You use gear, understand exposure, practice composition, and control light so that you can express yourself. And that’s the essence of photography. At least to me.
Some of my favorite photography quotes are all about expression.
- “We are making photographs to understand what our lives mean to us.” — Ralph Hattersley.
- “Photography for me is not looking, it’s feeling. If you can’t feel what you’re looking at, then you’re never going to get others to feel anything when they look at your pictures.” — Don McCullin.
- “To me, photography is an art of observation. It’s about finding something interesting in an ordinary place… I’ve found it has little to do with the things you see and everything to do with the way you see them.” — Elliott Erwitt.
- “The picture that you took with your camera is the imagination you want to create with reality.” — Scott Lorenzo.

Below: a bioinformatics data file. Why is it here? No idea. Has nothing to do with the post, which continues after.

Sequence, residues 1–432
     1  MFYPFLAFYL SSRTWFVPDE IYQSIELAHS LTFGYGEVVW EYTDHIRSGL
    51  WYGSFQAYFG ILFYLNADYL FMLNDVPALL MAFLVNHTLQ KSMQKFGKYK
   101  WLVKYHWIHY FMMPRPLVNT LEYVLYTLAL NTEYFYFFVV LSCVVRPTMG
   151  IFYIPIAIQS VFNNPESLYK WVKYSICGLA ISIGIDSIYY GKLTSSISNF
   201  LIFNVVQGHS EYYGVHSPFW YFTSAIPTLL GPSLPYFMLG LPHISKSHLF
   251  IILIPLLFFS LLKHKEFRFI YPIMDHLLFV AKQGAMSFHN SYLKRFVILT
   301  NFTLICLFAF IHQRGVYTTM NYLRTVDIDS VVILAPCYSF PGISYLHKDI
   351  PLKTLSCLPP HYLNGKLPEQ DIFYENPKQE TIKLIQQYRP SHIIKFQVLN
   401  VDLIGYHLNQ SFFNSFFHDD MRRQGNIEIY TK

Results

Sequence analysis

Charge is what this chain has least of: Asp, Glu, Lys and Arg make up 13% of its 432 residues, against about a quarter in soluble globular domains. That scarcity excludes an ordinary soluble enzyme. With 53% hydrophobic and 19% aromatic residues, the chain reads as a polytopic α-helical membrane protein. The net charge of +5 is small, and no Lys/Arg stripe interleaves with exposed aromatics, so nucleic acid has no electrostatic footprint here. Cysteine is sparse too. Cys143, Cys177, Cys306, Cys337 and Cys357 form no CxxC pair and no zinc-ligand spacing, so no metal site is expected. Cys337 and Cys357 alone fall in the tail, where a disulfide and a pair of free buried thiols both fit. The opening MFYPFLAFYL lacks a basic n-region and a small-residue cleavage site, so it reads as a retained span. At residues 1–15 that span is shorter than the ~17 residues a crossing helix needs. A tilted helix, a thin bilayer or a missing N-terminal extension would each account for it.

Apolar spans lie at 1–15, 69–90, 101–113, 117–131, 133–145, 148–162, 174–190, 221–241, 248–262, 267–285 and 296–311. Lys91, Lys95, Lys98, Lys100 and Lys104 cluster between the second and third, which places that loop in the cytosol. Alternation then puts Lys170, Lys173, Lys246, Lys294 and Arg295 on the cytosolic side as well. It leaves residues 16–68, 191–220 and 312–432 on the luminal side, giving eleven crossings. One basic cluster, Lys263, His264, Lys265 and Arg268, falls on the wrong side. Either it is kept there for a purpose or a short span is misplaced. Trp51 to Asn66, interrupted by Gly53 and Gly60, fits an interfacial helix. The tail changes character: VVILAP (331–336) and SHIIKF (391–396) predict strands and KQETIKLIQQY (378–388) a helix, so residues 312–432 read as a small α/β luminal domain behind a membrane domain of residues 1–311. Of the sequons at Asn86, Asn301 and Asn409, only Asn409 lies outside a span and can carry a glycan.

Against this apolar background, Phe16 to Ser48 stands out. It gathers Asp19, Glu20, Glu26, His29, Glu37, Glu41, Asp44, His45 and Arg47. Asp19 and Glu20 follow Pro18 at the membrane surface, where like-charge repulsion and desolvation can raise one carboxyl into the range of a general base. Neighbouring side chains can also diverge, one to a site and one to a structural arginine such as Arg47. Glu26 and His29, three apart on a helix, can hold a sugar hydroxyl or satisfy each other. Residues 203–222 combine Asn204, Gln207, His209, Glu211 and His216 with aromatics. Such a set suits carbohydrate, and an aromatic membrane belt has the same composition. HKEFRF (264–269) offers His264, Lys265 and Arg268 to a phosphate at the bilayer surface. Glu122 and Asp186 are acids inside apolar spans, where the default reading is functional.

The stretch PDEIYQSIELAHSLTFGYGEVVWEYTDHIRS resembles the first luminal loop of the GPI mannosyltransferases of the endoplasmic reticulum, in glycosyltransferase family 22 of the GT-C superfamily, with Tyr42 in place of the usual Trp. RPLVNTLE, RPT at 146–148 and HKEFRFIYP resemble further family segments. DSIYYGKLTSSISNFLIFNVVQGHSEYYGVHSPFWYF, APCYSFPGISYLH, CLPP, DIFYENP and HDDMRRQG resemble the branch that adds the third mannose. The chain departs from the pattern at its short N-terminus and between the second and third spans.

- “The whole point of taking pictures is so that you don’t have to explain things with words.” — Elliott Erwitt.
- “I think good dreaming is what leads to good photographs.” — Wayne Miller.
- “Look and think before opening the shutter. The heart and mind are the true lens of the camera.” — Yousuf Karsh.
- “Great photography is about depth of feeling, not depth of field.” — Peter Adams.
- “When I photograph, what I’m really doing is seeking answers to things.” — Wynn Bullock.
What is photography to you?
The nice thing about this question is that it’s entirely subjective, just like photography. It’s all an interpretation. (Which is why my answer was expression, but this could devolve into some kind of circular argument real quick). There is no right answer, and we can all learn something by how others see things.
Photography is about gear. Photography is about exposure and composition. Photography is about light and post-processing. But in the very end, why do we care about any of that?
What are we trying to say? If we have nothing to say, neither do our photographs.
Anyways, that’s my answer. What is photography all about to you? Big shout out to Jeff for making me think about this.